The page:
I am currently working on a data warehouse project for Lush Fresh Handmade Cosmetics. They are based in Poole, Dorset in the United Kingdom and have around 900 stores worldwide.
However the underlying data warehouse architecture is not fit for expanding the reporting and analytics requirements that Lush have, hence the project.
We are designing using classic Kimball dimensional modelling principles and in addition to the obvious Date dimension, the ability to measure sales by time chunks is very desirable. In fact the ability to examine store performance in hourly slices is a major feature of the QlikView BI solution currently deployed. Therefore we also need a Time dimension.
One of the compelling things about dimensional modelling and the resultant entities, is the relevant models work across industry sectors. So if you have worked with an insurance star schema before, the model in other insurance companies will have plenty in common.
Sure, you may need a few extra attributes particular to your business, but mostly, after a bit of renaming you are usually good to go for a basic target database. Of course the 80/20 rule kicks in and that 20% customisation will keep you busy.
The book “The Data Warehouse Toolkit : The Definitive Guide to Dimensional Modelling” by Ralph Kimball & Margy Ross, contains quite detailed versions of most of the schemas, explored by industry sector.
I think this simplicity of design speaks volumes for the initial thinking behind the fact and dimension concept. It was originally conceived in the 70s at the Dartmour College, New Hampshire and later developed and exploited so well by Kimball at Red Brick Systems in the mid to late 80s. Red Brick are credited with achieving 10 times the performance of other database vendors via the use of very clever indexing.
It also means that investing in Kimball books gives you access to thorough data models for most of the business sectors you will encounter. Don’t get me wrong; if you don’t understand the models and the method behind them, you stand little chance of loading them correctly or efficiently. However the books do provide excellent best practice tips for getting you started or refining your existing experiences and skills. I can also highly recommend the training courses run by the Kimball Group that are run regularly at various locations around the planet.
So for Lush, we needed to create and populate a DIM_Time table. After defining the table schema, I hunted around on the net to see if anyone had published a script to load it. I found there is surprisingly few examples out there. There are a plenty of schemas and scripts for getting you started with a basic DIM_Date table but not so for a “time” dimension.
Interestingly, whilst Kimball & Ross discuss the function and usage of the time dimension in the latest revision (third edition) of “The Data Warehouse Toolkit”, they don’t describe the schema in any detail.
The Date dimension is common across most star schema databases (most businesses will be interested in ‘when’), so it’s not surprising that examples for it are in good supply. It is great that the BI / ETL community has shared this and many other script examples as it’s such a basic feature of a data warehouse solution and why re-invent the wheel.
Sharing is a growing economic model, especially within the information / programming industries. Recently Jamie Thompson shared his T-SQL code script library on GitHub & his SSIS Reporting Pack on Codeplex and of course Andy Leonards SSIS framework has been available for sometime now, helping SSIS shops wrangle execution and logging of ETL packages. Of course there are plenty of other excellent and prolific bloggers out there and numerous user groups. I have just mentioned the two that I have found most helpful since I have been working with SQL Server.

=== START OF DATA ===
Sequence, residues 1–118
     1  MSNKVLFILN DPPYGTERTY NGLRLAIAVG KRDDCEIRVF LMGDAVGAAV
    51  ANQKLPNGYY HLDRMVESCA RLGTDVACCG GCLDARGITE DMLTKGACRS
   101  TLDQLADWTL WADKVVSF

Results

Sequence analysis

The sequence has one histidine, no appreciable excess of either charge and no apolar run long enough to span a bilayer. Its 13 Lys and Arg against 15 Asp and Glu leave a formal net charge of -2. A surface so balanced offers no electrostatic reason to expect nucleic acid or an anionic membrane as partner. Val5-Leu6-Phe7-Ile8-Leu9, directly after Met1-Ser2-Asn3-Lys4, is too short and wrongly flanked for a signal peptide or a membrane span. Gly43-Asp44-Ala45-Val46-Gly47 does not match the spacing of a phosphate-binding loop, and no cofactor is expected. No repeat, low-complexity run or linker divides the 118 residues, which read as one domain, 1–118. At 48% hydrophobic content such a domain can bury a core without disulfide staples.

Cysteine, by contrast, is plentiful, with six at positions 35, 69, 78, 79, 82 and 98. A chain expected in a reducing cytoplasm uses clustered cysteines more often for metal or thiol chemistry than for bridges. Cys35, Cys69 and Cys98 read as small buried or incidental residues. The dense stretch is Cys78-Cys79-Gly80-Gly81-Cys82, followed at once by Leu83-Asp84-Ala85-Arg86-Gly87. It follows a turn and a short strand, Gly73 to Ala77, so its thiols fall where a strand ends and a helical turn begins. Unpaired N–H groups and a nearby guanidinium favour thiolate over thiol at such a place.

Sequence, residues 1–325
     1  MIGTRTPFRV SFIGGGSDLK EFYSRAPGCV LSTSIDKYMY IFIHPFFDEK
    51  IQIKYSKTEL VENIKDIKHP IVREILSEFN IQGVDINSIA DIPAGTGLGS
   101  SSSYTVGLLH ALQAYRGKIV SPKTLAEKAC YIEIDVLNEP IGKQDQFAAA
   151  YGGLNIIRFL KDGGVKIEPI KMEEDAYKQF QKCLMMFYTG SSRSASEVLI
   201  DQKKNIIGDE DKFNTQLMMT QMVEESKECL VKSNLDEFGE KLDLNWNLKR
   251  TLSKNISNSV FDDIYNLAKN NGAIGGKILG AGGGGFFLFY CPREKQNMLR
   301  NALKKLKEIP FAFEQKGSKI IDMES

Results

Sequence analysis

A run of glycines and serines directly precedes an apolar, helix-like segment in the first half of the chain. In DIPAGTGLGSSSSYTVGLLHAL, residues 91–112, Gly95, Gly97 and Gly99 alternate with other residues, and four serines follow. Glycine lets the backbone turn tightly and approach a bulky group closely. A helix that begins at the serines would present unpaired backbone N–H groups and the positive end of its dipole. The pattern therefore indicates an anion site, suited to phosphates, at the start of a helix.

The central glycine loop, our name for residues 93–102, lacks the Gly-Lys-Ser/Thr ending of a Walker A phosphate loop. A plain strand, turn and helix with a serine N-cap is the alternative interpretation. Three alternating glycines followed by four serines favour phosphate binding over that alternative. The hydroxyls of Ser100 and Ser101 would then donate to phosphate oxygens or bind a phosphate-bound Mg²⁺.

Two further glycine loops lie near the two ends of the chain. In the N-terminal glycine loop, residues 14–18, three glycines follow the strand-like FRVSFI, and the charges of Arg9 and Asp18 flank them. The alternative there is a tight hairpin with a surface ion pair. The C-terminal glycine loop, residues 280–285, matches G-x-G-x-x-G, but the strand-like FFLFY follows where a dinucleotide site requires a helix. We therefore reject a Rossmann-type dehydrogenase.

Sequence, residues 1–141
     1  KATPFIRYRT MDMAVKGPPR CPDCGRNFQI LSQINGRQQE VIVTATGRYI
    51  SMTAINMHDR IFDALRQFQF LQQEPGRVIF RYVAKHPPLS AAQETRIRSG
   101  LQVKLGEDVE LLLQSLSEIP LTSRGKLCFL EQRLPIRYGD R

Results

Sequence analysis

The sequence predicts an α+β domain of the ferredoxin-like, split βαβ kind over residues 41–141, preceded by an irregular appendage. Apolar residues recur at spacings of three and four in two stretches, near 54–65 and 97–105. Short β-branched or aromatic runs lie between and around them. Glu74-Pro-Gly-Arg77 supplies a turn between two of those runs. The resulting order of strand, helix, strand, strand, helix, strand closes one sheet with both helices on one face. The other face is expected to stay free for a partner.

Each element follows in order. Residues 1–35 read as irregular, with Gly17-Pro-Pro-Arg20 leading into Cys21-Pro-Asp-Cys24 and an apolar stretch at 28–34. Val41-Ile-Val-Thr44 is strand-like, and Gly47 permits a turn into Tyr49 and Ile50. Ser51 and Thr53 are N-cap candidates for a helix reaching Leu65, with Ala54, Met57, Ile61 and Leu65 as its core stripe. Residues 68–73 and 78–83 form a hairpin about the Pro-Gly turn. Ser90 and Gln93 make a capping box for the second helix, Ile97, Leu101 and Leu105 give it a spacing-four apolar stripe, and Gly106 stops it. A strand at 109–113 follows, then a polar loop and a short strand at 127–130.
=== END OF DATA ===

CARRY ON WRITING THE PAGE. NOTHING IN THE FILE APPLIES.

At Lush we have benefited from the shared efforts of others so we thought it would be helpful to publish our DIM_Time schema and it’s loader.
We are still building the ETL subsystems so this entity hasn’t seen any live usage yet. Therefore it’s subject to change (I will update it should we revise it) and I am not a rockstar programmer, so I tend to go for ‘readable’, simple code (well, in my mind anyway). If you see ways to improve it then please don’t hesitate to let me know.
Whilst I was creating the downloads, I thought it would also make sense to include our DIM_Date schema and accompanying loader script. I downloaded the original script from the internet about a year ago and unfortunately I can’t locate the original author / link to credit them (if you recognise it as yours please let me know and I will update the script with your details if you wish).
Thanks again to the team at @lushdigital for allowing me to publish this work. Jack and his team have also been very busy and have recently launched the new Lush website “focused on content and ‘deli-style cosmetics’ that aims to communicate the story behind its products and ethical values”. Click here for the full review in Marketing Week.
The dacpac for importing into SSDT is the best method for reviewing, modifying and deploying these SQL Server database entities. Simply download it, unzip it from the archive (if it doesn’t happen automatically) and import it into a new SSDT project. The project was set for a target of SQL Server 2012 although I dont believe any 2012 specific elements are used.
Alternatively, simply download the T-SQL script and apply it to the SQL Server database of your choice (2008 and above due to the use of DATETIME2 data type).
A more complete set of instructions / explanations are available via the “documentation download” link.
I hope it helps and frees up a few hours for you to add value somewhere else in your BI / ETL solution.
As I said earlier, please let me know if there are any bugs or suggestions to improve the code.